Technology is critical

As everyone has been forced to reconcile their need for interaction with restrictions on physical contact, data consumption has risen precipitously. Isolated families use video services like WhatsApp and Skype to stay in touch, while many business meetings have moved to Zoom and schools to Google Classroom. The world’s second-largest mobile operator, Vodafone, has reported a 50% rise in internet usage.

In developing countries, people need more credit and data advances to stay in contact during these challenging times, as well as contactless micro-finance services to replace physical transactions. Managing this load using the already stretched infrastructure of such markets is a significant challenge, but one where machine learning, big-data analytics and artificial intelligence can really make a difference.

More mobile phone owners in emerging markets use a smartphone than any other kind
More mobile phone owners in emerging markets use a smartphone than any other kind
Image: Pew Research Center

Surviving and rebuilding

In the midst of the pandemic, with economies stricken across the world, some specific sectors and companies have shown strong business resilience with minimum impact from the developing conditions. My company is fortunate to be among them – but unfortunately this will not be the case for many other fintech firms, which may have no solid foundation and are already operating under a limited capacity. These businesses will simply run out of cash and go out of business as a result of the pandemic.

For those that do manage to stay afloat, communication is key. They should keep their clients regularly updated, be clear with them and let them know that while the working environment may have changed, the company is still open for business to the available extent. They then need to strive to bring that commitment to life, taking full advantage of the benefits of technology. By continuing to provide the best possible service to clients, brands can build a strong reputation that will long outlive this turbulent time.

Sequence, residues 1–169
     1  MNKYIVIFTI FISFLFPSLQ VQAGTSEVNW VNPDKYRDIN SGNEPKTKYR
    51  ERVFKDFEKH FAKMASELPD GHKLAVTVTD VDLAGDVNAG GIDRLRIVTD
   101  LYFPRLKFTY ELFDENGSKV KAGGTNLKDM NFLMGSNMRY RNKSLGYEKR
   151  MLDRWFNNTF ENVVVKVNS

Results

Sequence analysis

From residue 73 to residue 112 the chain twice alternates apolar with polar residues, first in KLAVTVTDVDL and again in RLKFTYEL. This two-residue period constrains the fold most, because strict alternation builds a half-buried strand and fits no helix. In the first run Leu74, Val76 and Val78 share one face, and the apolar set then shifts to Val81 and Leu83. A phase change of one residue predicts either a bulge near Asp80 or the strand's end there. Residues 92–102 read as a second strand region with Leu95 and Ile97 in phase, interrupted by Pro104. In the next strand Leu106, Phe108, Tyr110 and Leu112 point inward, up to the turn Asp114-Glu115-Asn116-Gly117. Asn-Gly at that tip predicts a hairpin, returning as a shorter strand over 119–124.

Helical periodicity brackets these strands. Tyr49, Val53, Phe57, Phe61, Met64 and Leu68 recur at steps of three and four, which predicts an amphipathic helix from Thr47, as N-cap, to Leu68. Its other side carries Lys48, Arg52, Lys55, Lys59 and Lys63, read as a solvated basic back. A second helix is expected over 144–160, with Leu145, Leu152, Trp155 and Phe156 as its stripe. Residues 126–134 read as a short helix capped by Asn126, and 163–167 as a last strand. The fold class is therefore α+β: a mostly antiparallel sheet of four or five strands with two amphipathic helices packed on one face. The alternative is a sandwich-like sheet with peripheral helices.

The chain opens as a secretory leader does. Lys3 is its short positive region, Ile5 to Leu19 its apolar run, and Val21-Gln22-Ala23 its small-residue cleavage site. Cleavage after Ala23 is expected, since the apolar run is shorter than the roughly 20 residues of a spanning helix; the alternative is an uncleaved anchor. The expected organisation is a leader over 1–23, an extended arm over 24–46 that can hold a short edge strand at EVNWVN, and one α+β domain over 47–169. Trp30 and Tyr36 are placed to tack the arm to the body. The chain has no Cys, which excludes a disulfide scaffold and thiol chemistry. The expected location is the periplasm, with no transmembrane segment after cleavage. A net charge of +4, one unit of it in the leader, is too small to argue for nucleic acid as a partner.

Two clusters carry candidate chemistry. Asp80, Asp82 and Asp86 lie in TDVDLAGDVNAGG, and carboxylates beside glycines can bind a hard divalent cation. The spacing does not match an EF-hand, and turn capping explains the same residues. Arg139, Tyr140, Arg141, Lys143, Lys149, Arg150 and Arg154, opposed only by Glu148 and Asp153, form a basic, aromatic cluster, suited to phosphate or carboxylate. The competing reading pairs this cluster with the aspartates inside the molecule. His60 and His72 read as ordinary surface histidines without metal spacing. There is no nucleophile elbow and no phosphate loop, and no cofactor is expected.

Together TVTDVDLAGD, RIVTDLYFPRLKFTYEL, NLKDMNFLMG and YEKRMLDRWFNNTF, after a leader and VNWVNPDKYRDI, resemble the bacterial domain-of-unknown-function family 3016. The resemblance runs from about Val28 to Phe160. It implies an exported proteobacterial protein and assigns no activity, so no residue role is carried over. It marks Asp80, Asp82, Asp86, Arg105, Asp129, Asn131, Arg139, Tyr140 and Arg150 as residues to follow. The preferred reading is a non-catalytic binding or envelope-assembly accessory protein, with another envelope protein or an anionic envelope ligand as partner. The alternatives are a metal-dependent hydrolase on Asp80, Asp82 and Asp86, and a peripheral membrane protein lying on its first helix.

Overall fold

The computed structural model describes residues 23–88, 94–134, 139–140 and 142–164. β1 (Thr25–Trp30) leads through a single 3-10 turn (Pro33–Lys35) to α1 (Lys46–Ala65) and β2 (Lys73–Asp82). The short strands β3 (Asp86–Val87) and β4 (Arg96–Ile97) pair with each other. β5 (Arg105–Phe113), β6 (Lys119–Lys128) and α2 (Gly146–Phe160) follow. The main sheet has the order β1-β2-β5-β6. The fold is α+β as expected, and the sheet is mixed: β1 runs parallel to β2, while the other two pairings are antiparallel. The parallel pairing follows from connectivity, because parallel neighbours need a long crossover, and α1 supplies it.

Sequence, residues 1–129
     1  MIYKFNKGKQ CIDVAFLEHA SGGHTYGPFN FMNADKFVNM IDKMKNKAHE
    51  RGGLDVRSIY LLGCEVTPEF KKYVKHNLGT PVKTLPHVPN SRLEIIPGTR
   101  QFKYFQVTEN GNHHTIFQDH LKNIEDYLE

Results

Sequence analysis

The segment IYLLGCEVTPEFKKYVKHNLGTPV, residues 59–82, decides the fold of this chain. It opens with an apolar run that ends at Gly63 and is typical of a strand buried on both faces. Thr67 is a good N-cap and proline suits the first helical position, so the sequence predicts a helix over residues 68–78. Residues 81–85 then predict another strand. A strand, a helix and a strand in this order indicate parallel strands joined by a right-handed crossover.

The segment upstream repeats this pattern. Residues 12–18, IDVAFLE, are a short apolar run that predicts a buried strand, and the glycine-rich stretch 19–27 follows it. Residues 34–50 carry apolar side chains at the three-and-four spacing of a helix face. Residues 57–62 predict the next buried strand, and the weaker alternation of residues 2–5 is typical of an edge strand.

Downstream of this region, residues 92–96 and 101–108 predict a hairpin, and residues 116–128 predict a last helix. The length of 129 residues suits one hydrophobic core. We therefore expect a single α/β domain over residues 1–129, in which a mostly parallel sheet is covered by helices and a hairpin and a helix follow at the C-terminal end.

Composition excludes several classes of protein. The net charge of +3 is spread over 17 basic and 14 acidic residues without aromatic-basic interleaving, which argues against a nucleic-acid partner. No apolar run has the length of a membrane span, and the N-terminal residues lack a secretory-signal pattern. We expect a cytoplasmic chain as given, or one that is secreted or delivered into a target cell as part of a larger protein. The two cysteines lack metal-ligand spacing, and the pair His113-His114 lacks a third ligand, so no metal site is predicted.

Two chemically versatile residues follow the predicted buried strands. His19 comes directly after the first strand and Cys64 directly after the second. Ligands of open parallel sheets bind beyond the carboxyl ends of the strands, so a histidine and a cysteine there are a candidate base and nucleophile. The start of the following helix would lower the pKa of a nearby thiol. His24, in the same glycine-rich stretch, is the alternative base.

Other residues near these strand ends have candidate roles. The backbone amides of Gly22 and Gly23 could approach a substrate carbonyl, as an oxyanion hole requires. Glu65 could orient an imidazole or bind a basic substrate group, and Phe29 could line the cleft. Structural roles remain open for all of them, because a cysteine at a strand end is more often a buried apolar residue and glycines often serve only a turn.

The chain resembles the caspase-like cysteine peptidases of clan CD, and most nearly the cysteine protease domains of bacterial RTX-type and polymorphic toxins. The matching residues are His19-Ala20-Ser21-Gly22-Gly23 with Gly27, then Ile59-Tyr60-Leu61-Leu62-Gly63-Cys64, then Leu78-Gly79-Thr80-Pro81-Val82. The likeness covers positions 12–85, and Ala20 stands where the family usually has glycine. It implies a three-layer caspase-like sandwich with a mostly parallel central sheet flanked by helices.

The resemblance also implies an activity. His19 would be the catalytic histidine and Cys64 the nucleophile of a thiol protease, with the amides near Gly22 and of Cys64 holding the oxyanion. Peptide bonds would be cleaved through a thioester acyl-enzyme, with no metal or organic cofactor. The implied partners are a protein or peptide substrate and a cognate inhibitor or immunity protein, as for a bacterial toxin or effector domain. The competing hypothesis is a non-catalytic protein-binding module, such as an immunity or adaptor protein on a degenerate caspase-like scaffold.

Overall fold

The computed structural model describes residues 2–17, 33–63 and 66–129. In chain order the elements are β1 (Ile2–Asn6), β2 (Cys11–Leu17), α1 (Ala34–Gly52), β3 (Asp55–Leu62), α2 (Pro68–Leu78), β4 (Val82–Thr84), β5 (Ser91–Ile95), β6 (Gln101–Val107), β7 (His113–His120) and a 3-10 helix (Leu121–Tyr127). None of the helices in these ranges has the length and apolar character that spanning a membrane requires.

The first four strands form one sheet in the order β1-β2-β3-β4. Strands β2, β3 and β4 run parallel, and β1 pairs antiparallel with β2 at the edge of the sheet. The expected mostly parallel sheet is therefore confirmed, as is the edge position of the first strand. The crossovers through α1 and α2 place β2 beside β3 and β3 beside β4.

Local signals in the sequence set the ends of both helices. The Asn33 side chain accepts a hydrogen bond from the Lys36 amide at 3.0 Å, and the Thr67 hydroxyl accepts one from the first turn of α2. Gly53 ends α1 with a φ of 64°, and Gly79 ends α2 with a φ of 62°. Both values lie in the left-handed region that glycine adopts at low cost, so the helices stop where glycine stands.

Most importantly, however, as the whole world shifts towards a new reality, there will be an abundance of post-pandemic opportunities for businesses. There will be new niches and exciting ideas, as people realise that the digital tools on which they have relied during this disruption are in fact providing important services, regardless of the conditions.

And so to truly support innovative small businesses, especially in developing countries, we must continue our concerted efforts to provide them with a robust foundation and access to financial inclusion, so that they have the chance to blossom in the aftermath of these troubled times.